2. Chinchilla--the black pigment factory is in working order, but the yellowish shades are reduced or eliminated. A chinchilla rabbit is really a castor/chestnut agouti, but the yellowish middle band on the hair can't print yellow, so it is pearl white instead. Red/fawn rabbits become ermine/frosty, tortoiseshells become pearls. Dominant over sable, himi and REW.
  3. Sable/shaded--the black pigment is reduced, turning black into dark sepia brown, no yellowish pigment is produced. Red/fawn rabbits are ermine/frosty, torts become pearls, but the dark colors are dimimished as well, with more of a sepia tone. Dominant over himi and REW.
  4. Himalayan/Californian/pointed white--color is only produced on the cooler points (ears, nose, feet & tail), the rest of the body prints no color at all, just white. Dominant over REW.
  5. Red/ruby eyed white REW--no color prints at all, just albino white, totally recessive. If you mate two REW rabbits, they each only have this recessive REW gene to pass along, and you'll get REW babies. If you mate blue-eyed white to albino REW, the REW will stop all color, including the blue eyes. REW rabbits can genetically be any color at all, a harlequin, a broken, a red, a chinchilla, any agouti, any self or marten or anything--but REW padlocks the pigment factories, and those colors can't print, you just see a white sheet. If you mate REW to anything more dominant (which is anything but REW), that opens the Pandora's box of all those hidden colors, and you can get quite an array of possible kit colors.
The same goes for the Dilute gene (full color or reduced color) that turns black into blue or chocolate into lilac. Dense color is dominant, dilute is recessive.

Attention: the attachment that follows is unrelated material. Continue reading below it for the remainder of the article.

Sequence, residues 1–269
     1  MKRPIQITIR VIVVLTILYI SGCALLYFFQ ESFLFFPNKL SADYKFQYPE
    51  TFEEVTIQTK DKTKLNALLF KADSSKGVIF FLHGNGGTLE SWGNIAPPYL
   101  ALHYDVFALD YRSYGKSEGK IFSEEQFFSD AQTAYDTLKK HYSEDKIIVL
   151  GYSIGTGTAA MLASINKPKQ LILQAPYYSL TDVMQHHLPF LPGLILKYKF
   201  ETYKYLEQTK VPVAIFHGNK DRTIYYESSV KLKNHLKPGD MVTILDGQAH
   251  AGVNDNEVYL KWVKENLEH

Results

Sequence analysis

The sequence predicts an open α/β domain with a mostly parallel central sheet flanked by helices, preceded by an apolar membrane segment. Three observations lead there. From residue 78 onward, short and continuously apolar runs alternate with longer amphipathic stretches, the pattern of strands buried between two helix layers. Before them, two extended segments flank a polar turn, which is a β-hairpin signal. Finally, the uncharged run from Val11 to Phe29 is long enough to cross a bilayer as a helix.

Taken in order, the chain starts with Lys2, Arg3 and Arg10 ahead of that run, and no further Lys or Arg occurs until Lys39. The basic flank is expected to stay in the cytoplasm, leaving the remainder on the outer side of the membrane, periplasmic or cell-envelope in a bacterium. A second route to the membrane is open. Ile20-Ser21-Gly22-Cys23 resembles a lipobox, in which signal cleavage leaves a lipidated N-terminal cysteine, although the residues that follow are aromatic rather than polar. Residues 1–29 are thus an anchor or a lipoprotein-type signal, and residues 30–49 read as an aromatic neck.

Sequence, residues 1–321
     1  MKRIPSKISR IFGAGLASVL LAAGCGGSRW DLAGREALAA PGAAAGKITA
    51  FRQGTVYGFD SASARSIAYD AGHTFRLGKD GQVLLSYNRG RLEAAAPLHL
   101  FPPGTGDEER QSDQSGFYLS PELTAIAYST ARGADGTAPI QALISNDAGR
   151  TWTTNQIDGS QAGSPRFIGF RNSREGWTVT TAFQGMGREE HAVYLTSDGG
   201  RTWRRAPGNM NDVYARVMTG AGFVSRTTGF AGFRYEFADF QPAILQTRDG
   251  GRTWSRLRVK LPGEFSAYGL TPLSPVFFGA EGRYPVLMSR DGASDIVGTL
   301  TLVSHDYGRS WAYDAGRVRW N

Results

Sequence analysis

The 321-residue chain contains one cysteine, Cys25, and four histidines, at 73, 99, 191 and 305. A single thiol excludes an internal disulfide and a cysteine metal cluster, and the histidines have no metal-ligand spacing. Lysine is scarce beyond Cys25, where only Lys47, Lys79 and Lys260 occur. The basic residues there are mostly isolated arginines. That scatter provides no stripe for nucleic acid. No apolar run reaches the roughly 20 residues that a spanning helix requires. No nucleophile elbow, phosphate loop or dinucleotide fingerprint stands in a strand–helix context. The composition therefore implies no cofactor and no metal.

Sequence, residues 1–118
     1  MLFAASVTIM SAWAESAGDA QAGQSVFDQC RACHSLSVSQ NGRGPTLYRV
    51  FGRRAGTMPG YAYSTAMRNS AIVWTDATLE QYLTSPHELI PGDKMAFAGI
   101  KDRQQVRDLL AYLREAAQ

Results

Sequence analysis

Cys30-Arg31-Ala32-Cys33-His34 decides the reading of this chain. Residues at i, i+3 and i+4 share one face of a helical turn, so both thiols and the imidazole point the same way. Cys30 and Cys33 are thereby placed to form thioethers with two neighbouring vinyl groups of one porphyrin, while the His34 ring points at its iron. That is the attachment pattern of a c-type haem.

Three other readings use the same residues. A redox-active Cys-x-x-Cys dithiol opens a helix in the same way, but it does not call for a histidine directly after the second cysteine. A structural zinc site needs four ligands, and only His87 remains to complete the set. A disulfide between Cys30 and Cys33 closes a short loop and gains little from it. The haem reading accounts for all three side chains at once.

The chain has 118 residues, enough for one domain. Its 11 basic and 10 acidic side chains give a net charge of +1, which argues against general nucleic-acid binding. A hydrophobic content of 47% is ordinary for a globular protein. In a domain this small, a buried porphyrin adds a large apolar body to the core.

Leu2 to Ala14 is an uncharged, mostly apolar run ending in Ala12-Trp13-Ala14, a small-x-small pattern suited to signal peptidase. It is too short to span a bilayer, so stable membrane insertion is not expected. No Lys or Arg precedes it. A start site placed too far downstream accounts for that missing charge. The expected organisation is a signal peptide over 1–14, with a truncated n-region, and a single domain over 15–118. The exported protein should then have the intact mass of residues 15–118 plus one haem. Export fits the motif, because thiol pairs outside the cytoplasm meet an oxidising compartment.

The last main gene is called 'Extension', and deals with how the dark color is extended down the agouti hairshaft banding. It also have five options.
  1. Dominant black is said to only be common in a few breeds, where the dark color goes all the way down the hairshaft, looking like a self.
  2. Next down is steel, where the agouti bands are stuck clear out on the tip of the hair. You notice the yellowish band near the tip (called gold-tipped steel) or the chinchilla/sable pearl band (called silver-tipped steel).
  3. Normal extension, where the colors extend down the hairshaft normally. These are all the standard agouti colors, and the self colors would be here, too.
  4. Harlequin, where the bands on the individual hairs become patches of dark and light on the skin.
  5. Non-extension, the most recessive, where the dark color just plain doesn't extend down the hairshaft, the main body hair is yellowish. This includes red, orange, fawn, and cream agouti, as well as the tortoiseshells. In chinchilla/sable rabbits, the main body hair will be pearl white when they have the non-extension gene.
So, to figure out what possible colors you will get in the litter, you need to know what colors are in the background of the parents, and then figure out what you would get as possible offspring. You can have fun spending a lot of time working this out by hand, or go online to one of the rabbit color calculators, plug in the parents' colors, and see what colors are possible. The more you know about the parents' colors, the closer you can guess what kit colors are possible.

For instance, a chestnut/castor agouti is A_B _C_D_E_. That means they have at least one dominant copy of each of the five main color genes. But, that underscore shows there is a companion to each of those genes, and since just one copy is enough to make that color show up, we don't know if they have a second dominant copy or a recessive hiding in there. Hidden recessives are what can really make alphabet soup of a litter. If each parent has a hidden recessive in each place, and each one happens to donate that recessive to an offspring, you could end up with a non-agouti, chocolate, chinchilla/sable/himi or REW, dilute and maybe harlequin or non-extension. That might be a lilac tortoiseshell, an albino REW, or a lilac magpie harlequin. Wouldn't that be a surprise from two black agouti (aka castor or chestnut) parents?